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The “def” statement

The def statement in C3 is intended for aliasing identifiers and types.

Defining a type alias

def <type alias> = <type> creates a type alias. Type aliases need to follow the name convention of user defined types (i.e. capitalized names with at least one lower case letter).

def CharPtr = char*;
def Numbers = int[10];

Function pointers must be aliased in C3. The syntax is somewhat different from C:

def Callback = fn void(int a, bool b);

This defines an alias to function pointer type of a function that returns nothing and requires two arguments: an int and a bool. Here is a sample usage:

Callback cb = my_callback;
cb(10, false);

Distinct types

Similar to def aliases are distinct which create distinct new types. Unlike type aliases, they do not implicitly convert to or from any other type. Literals will convert to the distinct types if they would convert to the underlying type.

distinct Foo = distinct int;
Foo f = 0; // Valid since 0 converts to an int.
f = f + 1;
int i = 1;
// f = f + i Error!
f = f + (Foo)i; // Valid

Distinct inline

When interacting with various APIs it is sometimes desirable for distinct types to implicitly convert to its base type, but not from that type.

Behaviour here is analogous how structs may use inline to create struct subtypes.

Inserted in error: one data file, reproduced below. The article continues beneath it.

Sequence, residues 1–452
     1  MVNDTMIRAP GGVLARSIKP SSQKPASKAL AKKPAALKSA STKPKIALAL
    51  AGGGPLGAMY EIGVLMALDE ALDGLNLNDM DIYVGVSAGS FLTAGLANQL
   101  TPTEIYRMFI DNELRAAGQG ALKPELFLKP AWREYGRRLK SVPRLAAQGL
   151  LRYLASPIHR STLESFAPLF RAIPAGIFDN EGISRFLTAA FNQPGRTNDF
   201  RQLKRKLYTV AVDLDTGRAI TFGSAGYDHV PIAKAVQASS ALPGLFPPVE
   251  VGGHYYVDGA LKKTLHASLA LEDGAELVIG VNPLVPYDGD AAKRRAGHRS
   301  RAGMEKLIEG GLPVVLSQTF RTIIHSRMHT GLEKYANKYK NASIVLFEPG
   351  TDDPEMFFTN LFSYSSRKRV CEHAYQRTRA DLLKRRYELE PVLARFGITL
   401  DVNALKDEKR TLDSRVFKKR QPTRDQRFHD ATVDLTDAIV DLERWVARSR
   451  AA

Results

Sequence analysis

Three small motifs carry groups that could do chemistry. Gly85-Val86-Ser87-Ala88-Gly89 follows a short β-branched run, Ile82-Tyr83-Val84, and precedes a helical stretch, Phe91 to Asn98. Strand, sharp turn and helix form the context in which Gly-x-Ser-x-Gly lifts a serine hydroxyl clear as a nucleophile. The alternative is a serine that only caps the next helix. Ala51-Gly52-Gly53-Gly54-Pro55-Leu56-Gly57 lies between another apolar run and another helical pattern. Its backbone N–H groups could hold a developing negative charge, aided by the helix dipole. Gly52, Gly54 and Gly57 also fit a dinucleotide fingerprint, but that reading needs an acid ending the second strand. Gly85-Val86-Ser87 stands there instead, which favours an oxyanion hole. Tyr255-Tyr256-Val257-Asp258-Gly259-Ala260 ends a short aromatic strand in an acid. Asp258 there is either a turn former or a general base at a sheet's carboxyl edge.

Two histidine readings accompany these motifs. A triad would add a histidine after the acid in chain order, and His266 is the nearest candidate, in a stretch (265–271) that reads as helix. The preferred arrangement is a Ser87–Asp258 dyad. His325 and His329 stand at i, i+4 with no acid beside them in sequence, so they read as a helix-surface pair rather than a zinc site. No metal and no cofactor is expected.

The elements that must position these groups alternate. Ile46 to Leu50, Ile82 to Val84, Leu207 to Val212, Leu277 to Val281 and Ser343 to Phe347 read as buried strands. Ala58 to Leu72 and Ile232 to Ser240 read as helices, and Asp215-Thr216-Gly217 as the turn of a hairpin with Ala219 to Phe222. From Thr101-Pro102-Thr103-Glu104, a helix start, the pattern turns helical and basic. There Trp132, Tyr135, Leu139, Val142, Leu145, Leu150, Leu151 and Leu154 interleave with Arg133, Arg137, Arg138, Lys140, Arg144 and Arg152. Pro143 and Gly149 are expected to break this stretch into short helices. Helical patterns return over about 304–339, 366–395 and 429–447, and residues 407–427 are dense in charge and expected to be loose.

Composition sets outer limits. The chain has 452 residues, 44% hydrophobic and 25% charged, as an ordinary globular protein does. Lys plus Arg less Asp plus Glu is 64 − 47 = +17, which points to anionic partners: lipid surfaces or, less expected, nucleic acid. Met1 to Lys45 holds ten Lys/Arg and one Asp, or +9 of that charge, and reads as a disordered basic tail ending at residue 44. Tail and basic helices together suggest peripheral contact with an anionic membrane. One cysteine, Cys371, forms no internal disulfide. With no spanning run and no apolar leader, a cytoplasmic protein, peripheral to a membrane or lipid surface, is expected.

distinct CString = char*;
distinct ZString = inline char*;
CString abc = "abc";
ZString def = "def";
// char* from_abc = abc; // Error!
char* from_def = def; // Valid!

Function and variable aliases

def can also be used to create aliases for functions and variables.

The syntax is def <alias> = <original identifier>.

fn void foo() { ... }
int foo_var;
def bar = foo;
def bar_var = foo_var;
fn void test()
// These are the same:
// These access the same variable:
int x = foo_var;
int y = bar_var;

Using def to create generic types, functions and variables

It is recommended to favour using def to create aliases for parameterized types, functions and variables:

import generic_foo;
// Parameterized function aliases
def int_foo_call = generic_foo::foo_call(<int>);
def double_foo_call = generic_foo::foo_call(<double>);
// Parameterized type aliases
def IntFoo = Foo(<int>);
def DoubleFoo = Foo(<double>);
// Parameterized global aliases
def int_max_foo = generic_foo::max_foo(<int>);
def double_max_foo = generic_foo::max_foo(<double>);

For more information, see the chapter on generics.

Function pointer default arguments and named parameters

It is possible to attach default arguments to function pointer aliases. There is no requirement that the function has the same default arguments. In fact, the function pointer may have default arguments where the function doesn’t have it and vice-versa. Calling the function directly will then use the function’s default arguments, and calling through the function pointer will yield the function pointer alias’ default argument.

Similarly, named parameter arguments follow the alias definition when calling through the function pointer:

def TestFn = fn void(int y = 123);
fn void test(int x = 5)
io::printfn("X = %d");
fn void main()
TestFn test2 = &test;
test(); // Prints X = 5
test2(); // Prints X = 123
test(.x = 3); // Prints X = 3
test2(.y = 4); // Prints X = 4